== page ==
Last night on Oprah Winfrey's talk-show incarnate, Oprah's Next Chapter, she interviewed megachurch pastor T.D. Jakes and asked him the inevitable question: "Do you like gay people? Yes/No (circle one)."

Jakes' answer was standard love-the-sin-hate-the-sinner fare. Of course it was. I understand and hope that the world is changing, but whenever an on-the-record anti-gay man of God is asked this question again, it amounts to nagging. "Now do you like them? Now do you like them? Now do you like them?" And Oprah doesn't help the matter the matter — she lets Jakes spout anti-gay sentiment while swearing off homophobia. That's sloppy both-sides-of-mouth lip service, and it's an epidemic. Get a backbone or drop out of the bigotry game.

That said, Jakes' shitty argument is useful for exposing this bogus mindset:

The perception in our society today is that if you don't say you're for same-sex marriage or if you say that homosexuality is a sin that you're homophobic and you're not for gay people. That's not true... It doesn't mean I have to agree with you to love you.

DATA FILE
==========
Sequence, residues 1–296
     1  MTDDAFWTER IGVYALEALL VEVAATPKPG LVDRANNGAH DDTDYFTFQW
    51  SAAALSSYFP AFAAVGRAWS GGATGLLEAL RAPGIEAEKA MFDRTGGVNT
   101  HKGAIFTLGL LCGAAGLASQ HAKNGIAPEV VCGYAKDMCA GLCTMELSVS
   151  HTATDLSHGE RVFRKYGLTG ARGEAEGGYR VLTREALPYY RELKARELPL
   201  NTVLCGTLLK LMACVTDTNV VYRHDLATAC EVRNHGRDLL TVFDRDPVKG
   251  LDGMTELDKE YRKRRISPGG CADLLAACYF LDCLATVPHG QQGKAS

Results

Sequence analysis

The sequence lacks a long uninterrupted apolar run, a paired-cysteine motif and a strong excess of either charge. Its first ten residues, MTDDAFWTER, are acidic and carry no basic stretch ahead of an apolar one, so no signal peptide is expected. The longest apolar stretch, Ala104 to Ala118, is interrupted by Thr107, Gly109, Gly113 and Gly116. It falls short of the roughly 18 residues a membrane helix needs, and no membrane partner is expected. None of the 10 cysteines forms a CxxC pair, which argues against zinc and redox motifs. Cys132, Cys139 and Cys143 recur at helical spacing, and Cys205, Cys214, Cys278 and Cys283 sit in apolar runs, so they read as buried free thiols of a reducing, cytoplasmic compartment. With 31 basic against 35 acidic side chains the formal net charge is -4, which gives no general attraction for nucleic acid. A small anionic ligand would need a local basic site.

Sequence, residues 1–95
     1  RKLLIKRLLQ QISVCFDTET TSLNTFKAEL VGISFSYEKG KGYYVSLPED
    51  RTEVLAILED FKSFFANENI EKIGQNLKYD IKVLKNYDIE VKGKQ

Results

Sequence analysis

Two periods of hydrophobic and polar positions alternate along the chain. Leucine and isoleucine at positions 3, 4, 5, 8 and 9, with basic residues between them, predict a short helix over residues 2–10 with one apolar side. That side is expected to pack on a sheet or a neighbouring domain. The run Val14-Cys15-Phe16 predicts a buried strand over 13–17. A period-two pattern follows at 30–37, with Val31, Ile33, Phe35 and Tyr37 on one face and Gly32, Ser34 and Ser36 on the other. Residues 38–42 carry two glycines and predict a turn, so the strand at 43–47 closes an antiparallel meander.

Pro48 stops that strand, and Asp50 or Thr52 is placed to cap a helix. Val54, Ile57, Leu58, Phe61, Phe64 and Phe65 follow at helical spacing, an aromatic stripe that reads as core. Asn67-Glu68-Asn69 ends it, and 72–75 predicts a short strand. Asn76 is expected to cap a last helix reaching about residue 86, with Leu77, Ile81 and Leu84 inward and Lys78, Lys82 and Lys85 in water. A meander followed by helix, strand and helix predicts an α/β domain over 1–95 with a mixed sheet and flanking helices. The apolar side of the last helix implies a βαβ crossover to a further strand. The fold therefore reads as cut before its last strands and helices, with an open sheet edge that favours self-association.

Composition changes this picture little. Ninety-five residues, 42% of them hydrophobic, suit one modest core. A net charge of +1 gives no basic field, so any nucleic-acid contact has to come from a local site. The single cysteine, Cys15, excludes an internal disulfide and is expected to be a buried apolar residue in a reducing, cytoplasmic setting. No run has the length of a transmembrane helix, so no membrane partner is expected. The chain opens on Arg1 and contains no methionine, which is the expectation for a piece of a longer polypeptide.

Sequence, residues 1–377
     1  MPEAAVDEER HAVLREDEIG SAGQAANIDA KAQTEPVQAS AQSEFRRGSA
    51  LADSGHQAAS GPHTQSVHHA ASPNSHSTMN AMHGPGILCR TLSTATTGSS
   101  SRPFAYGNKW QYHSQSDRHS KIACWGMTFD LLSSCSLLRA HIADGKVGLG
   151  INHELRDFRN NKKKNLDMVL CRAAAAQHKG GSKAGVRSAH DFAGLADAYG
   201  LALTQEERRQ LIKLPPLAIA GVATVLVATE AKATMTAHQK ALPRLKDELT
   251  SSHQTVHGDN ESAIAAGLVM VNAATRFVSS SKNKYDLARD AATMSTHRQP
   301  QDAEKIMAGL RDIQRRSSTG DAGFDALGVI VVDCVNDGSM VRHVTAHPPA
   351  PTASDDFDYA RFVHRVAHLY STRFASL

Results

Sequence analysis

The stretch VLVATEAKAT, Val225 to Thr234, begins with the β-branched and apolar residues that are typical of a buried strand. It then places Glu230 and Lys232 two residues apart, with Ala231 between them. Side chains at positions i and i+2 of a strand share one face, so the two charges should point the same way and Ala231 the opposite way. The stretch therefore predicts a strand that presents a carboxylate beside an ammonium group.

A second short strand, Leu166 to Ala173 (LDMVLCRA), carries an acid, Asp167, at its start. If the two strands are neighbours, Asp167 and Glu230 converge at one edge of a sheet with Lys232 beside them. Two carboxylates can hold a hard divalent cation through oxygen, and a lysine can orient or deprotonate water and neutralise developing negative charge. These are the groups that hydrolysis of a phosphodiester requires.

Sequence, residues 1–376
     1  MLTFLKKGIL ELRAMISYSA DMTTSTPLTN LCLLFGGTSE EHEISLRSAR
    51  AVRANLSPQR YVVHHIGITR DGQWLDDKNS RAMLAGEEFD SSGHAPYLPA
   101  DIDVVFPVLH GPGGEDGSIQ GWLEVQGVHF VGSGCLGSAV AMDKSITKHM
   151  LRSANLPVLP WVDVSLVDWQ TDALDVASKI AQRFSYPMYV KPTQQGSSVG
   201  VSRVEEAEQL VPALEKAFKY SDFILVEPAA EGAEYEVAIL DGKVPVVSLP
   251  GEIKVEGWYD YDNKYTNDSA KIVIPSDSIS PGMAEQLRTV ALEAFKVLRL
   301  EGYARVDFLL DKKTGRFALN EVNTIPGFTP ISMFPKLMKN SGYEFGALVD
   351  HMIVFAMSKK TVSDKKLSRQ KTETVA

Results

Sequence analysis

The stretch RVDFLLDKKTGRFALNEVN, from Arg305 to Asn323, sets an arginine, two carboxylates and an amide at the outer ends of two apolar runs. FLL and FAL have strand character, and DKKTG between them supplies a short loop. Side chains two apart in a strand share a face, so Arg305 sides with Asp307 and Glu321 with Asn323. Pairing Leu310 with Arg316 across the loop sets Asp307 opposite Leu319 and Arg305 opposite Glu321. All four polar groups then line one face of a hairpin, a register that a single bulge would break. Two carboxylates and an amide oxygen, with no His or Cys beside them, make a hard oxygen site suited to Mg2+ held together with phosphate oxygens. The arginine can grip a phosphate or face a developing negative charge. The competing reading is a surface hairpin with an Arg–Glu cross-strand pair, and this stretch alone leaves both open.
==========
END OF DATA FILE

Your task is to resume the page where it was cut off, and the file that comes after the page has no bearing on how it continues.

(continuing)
Actually, you do, because when you "disagree" with gay people, you are disagreeing with something that is fundamental to their existence: how they love. As a wealthy camel staring down the eye of a needle, Jakes is picking and choosing what Biblical teachings to adhere to. Furthermore, this line of thinking values an institution over human beings who are going to love each other and be together anyway, like they have been since the dawn of time. Jakes' "love" for homosexuals is worthless. Talk about redefining a concept.

T.D. Jakes has been quoted as saying that gay people are broken and that he wouldn't hire one. There are reports of him welcoming dialogue with gay families and his public response to his son's 2009 arrest after masturbating in front of a police officer was graceful. (The guy can talk.) The effort in his public positioning is palpable. "I'm not anti-gay, I'm not anti-anything. I don't want to be known for what I'm against," he told Oprah. But it's how he's bound to be remembered, if he even is at all.